(This day we cruised. It felt good to do a big day. We wanted to get as close to Monson as possible for a resupply the next day. My third pair of shoes bit the dust so we had a lot of take care of in town.)

Day 148: River Campsite to Leeman Brook Lean-to
Day: 12.8 miles
Total: 2073.8 miles
(Got to a hostel in Monson by noon and did my last load of laundry and took my last shower on the trail. The hostel is located above a pub so we were able to have lunch while we waited for the laundry to be done. It started to rain and we had to hitch to the outfitter in Greenville in a downpour. So much for clean, dry clothes! We were picked up by a woman who owns a WOOFing farm and works as a midwife. She drove a big white van with no windows and had a mattress in the back. She was really nice but it was a little weird. I got a new pair of Brooks Cascadia 8's. The resupply was expensive, but I got four days of food to get through the 100 mile wilderness. It was still raining when we got back on the trail and we stopped 3 miles into the wilderness to camp because it was getting dark early with the clouds. There were two other really cool south-bounders at the shelter that night. Hulk and his wife whose name I can't remember. Hulk is 6'6" and was carrying an 80lb pack. Yeah, 80 pounds, bless his heart. They were going to do a big gear dump in Monson the following day.)

Day 149: Leeman Brook Lean-to to West Chairback Pond side trail
Day: 21.3 miles
Total: 2095.1 miles
(The first half of this day was lovely and beautiful. The second half was really difficult and slow-going due to the terrain. It started to rain again but there were no decent places to stop and camp and we had to nigh hike. I was tanked by the time we found a place to stop. I was so tired this night I didn't take care to pack up my food bag well. I left potato chips in a plastic grocery bag and hung them high in a tree but the mice still got into them. It was a party sized bag of potato chips and I was cursing the mice for the waste of calories and my main source of potassium. What a rookie mistake. This night produced one of the top three thunder storms I experienced on the trail.)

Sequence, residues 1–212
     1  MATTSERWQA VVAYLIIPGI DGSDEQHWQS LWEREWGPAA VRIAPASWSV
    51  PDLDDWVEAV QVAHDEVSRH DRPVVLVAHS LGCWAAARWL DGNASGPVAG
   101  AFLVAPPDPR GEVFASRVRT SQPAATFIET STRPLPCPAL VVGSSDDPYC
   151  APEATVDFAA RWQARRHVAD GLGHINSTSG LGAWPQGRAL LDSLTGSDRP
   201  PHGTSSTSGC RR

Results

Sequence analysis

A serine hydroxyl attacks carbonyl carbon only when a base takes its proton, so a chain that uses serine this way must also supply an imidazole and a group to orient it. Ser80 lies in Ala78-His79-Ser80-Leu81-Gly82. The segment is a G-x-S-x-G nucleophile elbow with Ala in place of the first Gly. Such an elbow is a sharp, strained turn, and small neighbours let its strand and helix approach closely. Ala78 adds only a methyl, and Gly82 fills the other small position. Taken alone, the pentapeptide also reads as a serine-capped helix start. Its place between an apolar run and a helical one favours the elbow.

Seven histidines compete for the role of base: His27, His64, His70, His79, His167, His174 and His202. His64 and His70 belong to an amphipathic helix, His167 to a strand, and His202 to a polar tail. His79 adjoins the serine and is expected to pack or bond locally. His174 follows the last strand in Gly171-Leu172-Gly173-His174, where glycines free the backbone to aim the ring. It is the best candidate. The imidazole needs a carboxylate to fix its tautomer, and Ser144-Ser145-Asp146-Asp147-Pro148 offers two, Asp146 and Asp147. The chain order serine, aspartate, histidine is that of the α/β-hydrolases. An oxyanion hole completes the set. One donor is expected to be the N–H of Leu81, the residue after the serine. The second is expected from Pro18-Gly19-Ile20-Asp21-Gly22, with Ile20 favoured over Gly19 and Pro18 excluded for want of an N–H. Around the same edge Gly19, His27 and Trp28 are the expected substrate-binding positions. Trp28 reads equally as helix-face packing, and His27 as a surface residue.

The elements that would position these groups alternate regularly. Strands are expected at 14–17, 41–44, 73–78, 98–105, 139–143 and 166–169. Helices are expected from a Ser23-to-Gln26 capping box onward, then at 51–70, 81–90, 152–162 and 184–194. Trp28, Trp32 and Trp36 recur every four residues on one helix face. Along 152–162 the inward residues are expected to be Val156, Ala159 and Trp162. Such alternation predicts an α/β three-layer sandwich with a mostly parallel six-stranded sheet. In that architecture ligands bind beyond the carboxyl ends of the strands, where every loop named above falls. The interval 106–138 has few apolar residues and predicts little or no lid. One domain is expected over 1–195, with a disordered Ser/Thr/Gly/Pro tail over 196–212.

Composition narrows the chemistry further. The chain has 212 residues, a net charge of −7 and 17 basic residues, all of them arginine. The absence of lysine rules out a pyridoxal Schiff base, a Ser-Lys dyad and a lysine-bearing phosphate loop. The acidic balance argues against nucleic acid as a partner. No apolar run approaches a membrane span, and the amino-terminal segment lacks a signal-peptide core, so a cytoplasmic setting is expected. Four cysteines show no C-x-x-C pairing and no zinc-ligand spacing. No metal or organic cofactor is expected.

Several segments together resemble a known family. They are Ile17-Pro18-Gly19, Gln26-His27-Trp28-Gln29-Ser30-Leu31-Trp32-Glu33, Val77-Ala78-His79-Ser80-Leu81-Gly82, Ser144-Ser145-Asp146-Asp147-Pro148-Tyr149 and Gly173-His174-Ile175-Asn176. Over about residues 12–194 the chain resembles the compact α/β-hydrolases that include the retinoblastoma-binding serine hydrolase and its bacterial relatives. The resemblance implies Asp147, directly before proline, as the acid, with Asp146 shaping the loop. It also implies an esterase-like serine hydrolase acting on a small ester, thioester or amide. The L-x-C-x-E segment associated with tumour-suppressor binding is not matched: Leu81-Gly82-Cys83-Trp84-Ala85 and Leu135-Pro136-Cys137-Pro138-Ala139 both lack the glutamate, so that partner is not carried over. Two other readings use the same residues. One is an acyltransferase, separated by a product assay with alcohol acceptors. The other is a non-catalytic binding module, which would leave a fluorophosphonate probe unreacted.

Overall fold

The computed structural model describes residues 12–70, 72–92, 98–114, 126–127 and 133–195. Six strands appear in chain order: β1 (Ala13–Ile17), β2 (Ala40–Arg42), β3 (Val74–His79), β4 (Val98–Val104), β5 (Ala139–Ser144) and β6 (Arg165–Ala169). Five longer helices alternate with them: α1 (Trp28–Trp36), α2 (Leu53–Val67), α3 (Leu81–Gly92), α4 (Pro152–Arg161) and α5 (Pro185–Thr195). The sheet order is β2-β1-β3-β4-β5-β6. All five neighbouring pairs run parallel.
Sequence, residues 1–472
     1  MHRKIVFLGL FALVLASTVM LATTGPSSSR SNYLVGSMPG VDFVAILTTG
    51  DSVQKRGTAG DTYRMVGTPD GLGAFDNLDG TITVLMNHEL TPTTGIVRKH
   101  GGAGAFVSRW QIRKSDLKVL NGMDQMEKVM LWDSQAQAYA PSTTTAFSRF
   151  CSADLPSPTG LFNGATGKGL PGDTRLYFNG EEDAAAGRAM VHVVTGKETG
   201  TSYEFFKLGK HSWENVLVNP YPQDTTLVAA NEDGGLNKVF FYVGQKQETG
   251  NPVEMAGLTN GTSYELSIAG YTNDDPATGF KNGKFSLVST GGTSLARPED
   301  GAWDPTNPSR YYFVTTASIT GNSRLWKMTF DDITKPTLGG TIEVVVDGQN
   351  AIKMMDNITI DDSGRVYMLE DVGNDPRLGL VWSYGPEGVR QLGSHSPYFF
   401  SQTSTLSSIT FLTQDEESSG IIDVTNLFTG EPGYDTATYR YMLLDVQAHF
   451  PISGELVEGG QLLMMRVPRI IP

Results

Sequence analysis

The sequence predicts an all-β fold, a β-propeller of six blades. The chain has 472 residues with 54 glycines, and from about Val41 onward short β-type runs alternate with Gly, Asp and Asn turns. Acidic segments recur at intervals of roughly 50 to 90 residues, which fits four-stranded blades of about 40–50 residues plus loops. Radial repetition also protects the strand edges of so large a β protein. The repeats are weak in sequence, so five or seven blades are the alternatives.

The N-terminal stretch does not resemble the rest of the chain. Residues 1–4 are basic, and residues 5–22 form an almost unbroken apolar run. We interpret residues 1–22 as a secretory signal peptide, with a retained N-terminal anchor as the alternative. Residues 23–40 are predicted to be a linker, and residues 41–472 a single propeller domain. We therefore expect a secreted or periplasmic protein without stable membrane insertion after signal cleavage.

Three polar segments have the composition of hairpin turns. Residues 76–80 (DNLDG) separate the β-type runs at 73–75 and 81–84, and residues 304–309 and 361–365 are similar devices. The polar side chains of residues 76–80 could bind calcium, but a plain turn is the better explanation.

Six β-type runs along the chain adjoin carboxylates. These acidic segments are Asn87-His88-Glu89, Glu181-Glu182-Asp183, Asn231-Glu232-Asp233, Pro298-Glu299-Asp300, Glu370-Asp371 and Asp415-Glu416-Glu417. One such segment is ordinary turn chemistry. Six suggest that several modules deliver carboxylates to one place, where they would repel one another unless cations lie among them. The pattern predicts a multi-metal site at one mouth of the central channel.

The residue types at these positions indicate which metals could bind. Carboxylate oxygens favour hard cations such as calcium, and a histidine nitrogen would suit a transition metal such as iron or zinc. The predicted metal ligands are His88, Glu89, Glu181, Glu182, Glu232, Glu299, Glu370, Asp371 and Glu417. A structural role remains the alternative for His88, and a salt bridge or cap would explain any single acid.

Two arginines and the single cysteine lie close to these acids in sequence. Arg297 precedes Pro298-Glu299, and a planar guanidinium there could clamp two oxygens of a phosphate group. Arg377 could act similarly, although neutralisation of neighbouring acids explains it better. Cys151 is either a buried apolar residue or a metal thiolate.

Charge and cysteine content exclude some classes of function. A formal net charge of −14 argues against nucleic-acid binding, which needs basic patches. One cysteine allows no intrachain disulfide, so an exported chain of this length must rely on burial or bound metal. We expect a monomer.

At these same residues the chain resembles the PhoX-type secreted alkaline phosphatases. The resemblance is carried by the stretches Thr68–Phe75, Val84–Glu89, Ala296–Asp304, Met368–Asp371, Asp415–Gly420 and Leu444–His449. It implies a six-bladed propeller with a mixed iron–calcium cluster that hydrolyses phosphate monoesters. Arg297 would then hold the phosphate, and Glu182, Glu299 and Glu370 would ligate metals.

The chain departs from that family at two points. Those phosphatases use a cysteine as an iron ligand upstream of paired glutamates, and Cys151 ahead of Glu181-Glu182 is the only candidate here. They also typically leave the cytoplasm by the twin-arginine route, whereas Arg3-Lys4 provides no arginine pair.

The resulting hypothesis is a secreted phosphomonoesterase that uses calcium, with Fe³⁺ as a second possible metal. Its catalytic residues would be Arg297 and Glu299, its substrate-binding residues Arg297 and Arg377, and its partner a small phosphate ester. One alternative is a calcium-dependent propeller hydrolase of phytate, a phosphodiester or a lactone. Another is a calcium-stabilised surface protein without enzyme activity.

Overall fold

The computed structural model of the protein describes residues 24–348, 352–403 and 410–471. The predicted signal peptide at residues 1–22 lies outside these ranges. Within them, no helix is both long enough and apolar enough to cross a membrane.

Day 150: West Chairback Pond to Logan Brook Lean-to
Day: 18.8 miles
Total: 2113.9 miles
(Got over the last "hump" of a mountain (3500' White Cap Mountain). Enjoyed the ford across the west branch of the Pleasant River. Just before the river we found a big yellow bag suspended 15' in the air that was full of trail magic. There was a lot of really good trail magic in the 100 Mile "Wilderness". We stocked up on two Mountain House meals each. Camped just past Logan Brook Lean-to as it was getting dark. Dinner was super easy thanks to the trail magic. I slept well this night.)